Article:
China: rebalancing dynasty
China’s economy might be slowing, but is it rebalancing? The dynamics of first-half growth suggest baby steps in the right direction. That export growth has moderated helps. Official retail sales as a proportion of output hit 43 per cent in the first half, the highest level over this period for more than five years.
What is more, official retail sales figures are understated. They do not include spending on services such as accommodation. Revenues of China’s largest budget hotel operators Home Inns and 7 Days, for example, rose an average 56 per cent over the past five years – three times the pace of official retail sales. And official income statistics are understated too. China’s middle classes derive about one-third of their income beyond taxable wages, such as from investments and rent. That proportion rises with wealth.
Trouble is, spending at this high end of the wealth spectrum is faltering. Many sources of grey income have been hit this year. Rental income and investment gains are suffering from continued tightening in the property market, an anaemic stock market and signs that the investment trust industry (where superior interest rates have buoyed returns) is in distress. Perhaps it is no wonder then that gaming revenues in Macau rose just 10 per cent in the past two months compared with a year earlier – a quarter of last year’s pace. Luxury spending is also weaker. Recent sales have slowed markedly at Stella International, a high-end shoe brand, while at its mass market peer Belle they are ticking along.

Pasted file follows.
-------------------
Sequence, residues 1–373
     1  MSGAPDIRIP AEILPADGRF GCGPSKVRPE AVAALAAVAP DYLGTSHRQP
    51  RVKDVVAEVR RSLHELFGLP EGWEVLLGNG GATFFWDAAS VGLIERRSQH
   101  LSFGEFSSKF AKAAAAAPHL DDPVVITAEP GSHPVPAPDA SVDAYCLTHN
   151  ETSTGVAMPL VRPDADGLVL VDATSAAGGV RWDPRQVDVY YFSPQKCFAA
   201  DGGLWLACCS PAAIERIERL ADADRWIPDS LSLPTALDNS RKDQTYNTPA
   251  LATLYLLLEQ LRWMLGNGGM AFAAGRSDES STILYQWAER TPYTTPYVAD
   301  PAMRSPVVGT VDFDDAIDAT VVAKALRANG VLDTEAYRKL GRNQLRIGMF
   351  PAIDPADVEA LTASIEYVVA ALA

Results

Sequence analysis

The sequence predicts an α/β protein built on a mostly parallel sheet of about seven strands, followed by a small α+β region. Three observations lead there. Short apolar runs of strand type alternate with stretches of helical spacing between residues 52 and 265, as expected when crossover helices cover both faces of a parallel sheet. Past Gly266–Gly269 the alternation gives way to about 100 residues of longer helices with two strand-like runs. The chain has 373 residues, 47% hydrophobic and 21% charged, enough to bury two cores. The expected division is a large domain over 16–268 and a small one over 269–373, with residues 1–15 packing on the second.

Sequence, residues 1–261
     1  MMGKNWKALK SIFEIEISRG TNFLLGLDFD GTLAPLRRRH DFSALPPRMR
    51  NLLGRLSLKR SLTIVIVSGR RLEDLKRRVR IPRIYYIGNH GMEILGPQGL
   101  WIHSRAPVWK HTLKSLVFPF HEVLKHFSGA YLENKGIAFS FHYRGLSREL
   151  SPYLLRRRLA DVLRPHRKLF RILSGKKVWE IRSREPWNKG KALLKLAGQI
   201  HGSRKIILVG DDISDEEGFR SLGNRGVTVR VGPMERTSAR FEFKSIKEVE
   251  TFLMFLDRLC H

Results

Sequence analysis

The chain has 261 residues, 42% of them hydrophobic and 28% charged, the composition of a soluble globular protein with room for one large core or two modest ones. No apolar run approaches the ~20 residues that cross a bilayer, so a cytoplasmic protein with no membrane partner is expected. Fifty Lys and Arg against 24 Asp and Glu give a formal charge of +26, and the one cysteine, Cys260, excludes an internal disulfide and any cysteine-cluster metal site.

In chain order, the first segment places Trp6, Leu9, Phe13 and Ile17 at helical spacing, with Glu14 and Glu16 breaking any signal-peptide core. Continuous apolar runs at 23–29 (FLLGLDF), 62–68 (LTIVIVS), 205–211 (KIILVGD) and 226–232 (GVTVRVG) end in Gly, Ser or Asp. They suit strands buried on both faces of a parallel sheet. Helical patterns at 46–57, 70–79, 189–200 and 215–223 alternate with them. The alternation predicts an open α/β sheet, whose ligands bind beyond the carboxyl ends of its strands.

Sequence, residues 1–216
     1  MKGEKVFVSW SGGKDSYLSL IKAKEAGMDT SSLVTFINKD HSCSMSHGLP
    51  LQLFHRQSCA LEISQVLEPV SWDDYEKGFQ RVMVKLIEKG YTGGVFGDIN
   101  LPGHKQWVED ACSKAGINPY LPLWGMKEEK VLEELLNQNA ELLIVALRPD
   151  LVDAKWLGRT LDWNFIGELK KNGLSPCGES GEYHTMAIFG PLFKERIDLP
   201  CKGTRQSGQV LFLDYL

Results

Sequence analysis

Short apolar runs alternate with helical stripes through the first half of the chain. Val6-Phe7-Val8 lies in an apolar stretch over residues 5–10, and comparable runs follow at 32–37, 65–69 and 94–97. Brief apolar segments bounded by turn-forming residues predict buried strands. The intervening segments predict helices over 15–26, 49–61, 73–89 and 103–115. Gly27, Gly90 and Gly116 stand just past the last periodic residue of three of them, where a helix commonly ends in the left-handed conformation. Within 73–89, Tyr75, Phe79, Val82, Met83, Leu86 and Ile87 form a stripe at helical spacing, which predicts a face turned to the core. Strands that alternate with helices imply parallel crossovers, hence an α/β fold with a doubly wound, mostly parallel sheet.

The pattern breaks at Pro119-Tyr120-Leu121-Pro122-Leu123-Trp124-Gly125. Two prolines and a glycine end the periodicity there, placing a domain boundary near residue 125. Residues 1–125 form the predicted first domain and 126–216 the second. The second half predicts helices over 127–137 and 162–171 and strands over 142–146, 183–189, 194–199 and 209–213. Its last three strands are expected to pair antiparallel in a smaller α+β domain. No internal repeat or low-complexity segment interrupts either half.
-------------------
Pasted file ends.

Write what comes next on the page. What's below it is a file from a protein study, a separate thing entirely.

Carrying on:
Infrastructure investment remains the default measure to prevent any slowdown turning to a slump. Fixed asset investment as a proportion of output has also risen this year – such investment by state-owned enterprises expanded one-quarter in June. Rebalancing will take longer than headline numbers suggest.
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